By Rawan Yaghi
Let me tell you about my latest encounter with a stranger.
A couple of days ago, I was listening to music through the glorious invention of earphones. My ipod playlist, though, is not as glorious and there was a three second pause between the end of one song and the next in which I discovered that I was sitting in the middle of a group of Israeli kids.
A few minutes before that, I was on skype with my parents. My mom sat near the open door of our house apartment to feel some breeze in case it passed by. And my dad was lying down in his room in front of the open door of the balcony. I had a conversation with my dad about depression and how the situation in Gaza has slowly been ingrained in the brains of most of the population there, specially since most of the people there suffer from post-traumatic stress and other kinds of mental illnesses without awareness of the effects on their lives.
The music started again and I paused it for a few more seconds to make sure what I heard was indeed Hebrew. I was suddenly aware of my existence there, of the Arabic sticker that several of the kids prolonged their looks at, of my hair, of my skin colour, of my nose and lips, of the way I looked and was being looked at.
It wasn’t a shock to me. There are Israeli teenagers in the world. It is summer. The country is full of summer schools from all over the world, except those which can’t afford them. I sat there for a bit and observed them. Some of them were bored and obviously preferred to be somewhere else, a perfectly normal group of teenagers in a learning environment. Their leader started speaking to them in Hebrew and they all listened. She seemed to be giving them instructions of some sort. They were supposed to have an activity which involved watching a movie and writing a passage about it for the next day. A French group later joined to vote on which movie they were to watch. Between Shrek 2, Pitch Perfect, and World War Z, the choice fell on the last to my greatest discomfort and disappointment. However, it was interesting to see how the kids would respond to the appalling scene about Israel’s wall and how it temporarily saved Israel from the savage crawling zombies that want to suck their blood out.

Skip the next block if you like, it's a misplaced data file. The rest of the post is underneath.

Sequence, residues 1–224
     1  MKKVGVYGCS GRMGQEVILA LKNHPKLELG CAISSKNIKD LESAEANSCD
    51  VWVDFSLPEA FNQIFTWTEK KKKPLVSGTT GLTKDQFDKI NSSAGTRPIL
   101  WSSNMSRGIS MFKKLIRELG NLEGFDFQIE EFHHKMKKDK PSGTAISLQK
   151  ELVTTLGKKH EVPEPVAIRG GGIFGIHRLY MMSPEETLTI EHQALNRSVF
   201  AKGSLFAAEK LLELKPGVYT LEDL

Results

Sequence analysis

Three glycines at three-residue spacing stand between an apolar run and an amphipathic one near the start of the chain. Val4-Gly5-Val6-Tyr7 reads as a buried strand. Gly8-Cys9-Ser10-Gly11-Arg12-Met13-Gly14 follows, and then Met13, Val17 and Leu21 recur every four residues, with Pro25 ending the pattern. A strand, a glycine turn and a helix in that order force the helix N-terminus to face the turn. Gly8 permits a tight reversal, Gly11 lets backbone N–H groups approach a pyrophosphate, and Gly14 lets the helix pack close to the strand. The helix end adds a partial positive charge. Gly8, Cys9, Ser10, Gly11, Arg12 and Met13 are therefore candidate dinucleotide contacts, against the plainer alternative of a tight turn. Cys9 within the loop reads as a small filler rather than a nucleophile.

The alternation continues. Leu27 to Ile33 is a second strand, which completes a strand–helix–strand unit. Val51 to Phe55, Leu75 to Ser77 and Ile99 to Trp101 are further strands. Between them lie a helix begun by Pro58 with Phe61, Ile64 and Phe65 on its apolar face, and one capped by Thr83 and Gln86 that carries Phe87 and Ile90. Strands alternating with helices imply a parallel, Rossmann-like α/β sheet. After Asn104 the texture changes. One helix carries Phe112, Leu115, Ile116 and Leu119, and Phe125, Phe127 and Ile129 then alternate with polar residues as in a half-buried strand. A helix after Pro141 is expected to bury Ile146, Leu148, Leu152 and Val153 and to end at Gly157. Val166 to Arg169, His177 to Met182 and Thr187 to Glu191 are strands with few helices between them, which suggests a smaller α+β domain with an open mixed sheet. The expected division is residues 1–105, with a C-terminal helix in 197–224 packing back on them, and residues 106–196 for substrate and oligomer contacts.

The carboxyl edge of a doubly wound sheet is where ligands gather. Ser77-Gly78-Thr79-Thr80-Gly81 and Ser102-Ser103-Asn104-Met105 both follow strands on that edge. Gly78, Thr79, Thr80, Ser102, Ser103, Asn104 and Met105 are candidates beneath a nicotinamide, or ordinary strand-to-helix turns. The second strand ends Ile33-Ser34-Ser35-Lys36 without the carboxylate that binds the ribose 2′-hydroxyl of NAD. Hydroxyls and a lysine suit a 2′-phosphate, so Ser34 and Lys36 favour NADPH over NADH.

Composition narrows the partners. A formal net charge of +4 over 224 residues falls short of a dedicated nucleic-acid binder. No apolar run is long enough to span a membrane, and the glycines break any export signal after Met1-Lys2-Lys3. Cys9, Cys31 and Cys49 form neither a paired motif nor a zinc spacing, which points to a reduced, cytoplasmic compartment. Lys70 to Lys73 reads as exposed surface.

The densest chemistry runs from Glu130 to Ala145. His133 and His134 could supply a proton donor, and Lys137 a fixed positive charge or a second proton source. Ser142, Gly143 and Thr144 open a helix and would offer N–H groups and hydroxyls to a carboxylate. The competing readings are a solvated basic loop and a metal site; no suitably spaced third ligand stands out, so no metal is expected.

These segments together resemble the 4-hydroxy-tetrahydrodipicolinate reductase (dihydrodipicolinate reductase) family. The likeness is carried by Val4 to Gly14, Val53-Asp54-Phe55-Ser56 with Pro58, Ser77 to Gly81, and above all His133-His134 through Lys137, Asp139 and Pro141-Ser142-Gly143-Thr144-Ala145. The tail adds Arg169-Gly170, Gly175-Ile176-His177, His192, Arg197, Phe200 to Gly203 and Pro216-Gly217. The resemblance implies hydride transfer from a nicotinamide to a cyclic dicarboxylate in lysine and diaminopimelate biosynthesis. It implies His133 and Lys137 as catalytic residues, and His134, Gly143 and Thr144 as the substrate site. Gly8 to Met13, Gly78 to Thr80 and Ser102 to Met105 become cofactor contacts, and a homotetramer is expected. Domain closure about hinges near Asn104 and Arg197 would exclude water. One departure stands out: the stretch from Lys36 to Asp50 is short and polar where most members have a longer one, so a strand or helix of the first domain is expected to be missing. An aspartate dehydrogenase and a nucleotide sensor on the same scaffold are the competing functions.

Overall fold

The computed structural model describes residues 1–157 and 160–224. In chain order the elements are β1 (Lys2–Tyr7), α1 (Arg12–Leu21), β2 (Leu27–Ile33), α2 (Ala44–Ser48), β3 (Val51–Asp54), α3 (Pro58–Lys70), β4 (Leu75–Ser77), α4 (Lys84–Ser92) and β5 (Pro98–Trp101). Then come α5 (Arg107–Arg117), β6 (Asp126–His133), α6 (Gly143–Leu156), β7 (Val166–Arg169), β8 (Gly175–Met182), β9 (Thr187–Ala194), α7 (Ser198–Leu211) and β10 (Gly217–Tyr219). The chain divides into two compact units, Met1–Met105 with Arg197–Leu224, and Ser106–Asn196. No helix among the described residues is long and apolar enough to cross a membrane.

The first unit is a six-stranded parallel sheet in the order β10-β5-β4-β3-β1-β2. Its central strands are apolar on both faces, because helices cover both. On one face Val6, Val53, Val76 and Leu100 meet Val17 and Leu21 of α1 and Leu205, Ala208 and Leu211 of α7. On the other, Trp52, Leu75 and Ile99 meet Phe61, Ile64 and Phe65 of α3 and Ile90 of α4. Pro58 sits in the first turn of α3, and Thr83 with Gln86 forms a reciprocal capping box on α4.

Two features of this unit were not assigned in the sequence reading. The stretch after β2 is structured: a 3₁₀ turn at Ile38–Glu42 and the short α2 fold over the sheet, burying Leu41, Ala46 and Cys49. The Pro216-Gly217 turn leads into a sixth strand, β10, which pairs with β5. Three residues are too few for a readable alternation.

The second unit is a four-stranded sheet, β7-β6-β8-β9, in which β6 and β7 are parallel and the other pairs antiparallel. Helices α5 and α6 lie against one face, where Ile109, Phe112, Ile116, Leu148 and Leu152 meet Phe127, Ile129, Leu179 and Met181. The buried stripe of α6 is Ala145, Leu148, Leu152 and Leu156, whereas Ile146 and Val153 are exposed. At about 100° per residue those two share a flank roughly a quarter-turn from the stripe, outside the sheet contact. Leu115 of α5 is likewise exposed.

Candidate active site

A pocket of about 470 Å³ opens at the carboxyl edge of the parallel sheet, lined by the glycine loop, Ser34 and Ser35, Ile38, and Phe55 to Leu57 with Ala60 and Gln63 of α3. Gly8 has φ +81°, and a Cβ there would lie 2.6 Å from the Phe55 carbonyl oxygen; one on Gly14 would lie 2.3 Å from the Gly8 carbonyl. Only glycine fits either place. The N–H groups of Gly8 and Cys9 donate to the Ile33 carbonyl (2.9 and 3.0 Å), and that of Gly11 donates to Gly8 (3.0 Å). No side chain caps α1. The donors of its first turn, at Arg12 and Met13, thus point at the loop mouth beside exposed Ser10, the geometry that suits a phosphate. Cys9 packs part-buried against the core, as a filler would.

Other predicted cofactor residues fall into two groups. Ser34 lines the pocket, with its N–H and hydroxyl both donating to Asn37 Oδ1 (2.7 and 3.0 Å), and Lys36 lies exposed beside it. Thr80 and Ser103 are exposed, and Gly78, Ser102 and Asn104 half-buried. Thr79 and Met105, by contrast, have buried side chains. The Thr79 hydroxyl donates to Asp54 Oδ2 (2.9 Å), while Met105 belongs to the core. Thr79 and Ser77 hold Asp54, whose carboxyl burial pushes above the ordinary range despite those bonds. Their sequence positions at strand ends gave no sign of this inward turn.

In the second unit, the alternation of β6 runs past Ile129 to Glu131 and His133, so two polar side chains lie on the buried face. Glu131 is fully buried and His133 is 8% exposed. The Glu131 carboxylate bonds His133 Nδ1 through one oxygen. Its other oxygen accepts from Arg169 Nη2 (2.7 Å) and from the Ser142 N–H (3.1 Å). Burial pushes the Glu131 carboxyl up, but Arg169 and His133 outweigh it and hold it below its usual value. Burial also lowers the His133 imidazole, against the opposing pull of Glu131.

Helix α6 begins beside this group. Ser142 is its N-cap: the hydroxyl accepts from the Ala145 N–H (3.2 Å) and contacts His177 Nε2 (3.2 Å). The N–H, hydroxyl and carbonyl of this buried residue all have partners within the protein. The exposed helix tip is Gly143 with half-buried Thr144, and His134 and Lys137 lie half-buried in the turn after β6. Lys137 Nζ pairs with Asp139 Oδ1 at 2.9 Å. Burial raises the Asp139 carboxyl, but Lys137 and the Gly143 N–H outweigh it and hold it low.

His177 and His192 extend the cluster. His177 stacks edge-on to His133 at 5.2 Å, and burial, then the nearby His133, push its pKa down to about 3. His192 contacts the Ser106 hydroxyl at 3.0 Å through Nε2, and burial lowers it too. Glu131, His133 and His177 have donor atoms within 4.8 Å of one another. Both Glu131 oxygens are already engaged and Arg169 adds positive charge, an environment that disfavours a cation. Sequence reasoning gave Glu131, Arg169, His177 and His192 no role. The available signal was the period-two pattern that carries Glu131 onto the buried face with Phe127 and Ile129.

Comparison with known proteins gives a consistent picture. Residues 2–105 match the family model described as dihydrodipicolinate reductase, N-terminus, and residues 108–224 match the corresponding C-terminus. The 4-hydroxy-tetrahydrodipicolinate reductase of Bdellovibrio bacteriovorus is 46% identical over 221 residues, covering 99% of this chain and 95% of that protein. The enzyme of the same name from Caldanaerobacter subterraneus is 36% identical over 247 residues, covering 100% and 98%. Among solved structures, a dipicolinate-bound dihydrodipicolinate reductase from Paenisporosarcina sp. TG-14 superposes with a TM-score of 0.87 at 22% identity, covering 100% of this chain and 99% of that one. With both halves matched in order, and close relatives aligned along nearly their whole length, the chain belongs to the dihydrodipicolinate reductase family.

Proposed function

I removed myself from the main space in which they were watching the movie to focus a little bit on what I was actually doing on my laptop. From my corner, I could see a few of the Israeli spectators and could hear the screams and screeches coming from the movie. The audience was spellbound and all were staring at the screen in shock. One girl had her head down and was trying to nap. This is all ok. Even hearing Brad Pitt saying that Israel was winning because they built a wall around themselves was ok. Because it’s Hollywood and shit politics is always expected from Hollywood. Watching Israeli teenagers, possibly thinking of their compulsory military service coming soon, see this, and see their heroic army try to save the country when the celebrations by the ‘Arabs’ and Israelis inside the wall draw the attention of the zombies and basically ruins the until then amazing plan to save humanity, was a little too much but it was still ok because I have learned to not be shocked by anything. I learned to always expect the worst and so slowly I lost touch with how angry or shocked I should be at things like this.
A little later, having gotten bored with my laptop screen and the work I was doing on it, I noticed that their leader was sitting a chair away from me. I decided to start a conversation.
“I’m sorry. I heard you speak earlier. Was it Hebrew?”
“Yes, we’re from Israel,” she said smiling.
“Where are you from?”
“I’m from Palestine,” I said, slowly, waiting for her reaction which surely came as expected.